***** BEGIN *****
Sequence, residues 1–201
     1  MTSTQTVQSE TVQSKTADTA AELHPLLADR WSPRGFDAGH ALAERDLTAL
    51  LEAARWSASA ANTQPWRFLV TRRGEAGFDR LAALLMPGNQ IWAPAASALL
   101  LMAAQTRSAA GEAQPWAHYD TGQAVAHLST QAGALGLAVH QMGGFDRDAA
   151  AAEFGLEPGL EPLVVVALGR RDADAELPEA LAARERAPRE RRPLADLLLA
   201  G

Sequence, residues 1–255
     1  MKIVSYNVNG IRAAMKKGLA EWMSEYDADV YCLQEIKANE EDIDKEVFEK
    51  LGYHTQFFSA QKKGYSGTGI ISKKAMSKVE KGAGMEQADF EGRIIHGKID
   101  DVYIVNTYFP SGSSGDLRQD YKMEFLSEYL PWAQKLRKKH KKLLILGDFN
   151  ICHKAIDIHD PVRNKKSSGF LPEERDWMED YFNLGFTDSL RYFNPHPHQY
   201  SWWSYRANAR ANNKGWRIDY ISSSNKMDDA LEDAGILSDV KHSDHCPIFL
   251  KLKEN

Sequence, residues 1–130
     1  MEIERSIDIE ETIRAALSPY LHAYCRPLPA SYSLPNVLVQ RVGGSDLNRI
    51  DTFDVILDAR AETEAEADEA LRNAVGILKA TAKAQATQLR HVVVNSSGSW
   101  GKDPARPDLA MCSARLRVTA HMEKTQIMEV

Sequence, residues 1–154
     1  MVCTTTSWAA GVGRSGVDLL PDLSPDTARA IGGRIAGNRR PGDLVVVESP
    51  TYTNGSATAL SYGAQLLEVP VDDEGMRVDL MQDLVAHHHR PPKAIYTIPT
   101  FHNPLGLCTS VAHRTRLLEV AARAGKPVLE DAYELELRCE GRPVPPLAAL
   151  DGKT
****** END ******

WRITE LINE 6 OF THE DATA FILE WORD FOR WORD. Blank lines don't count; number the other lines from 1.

   201  G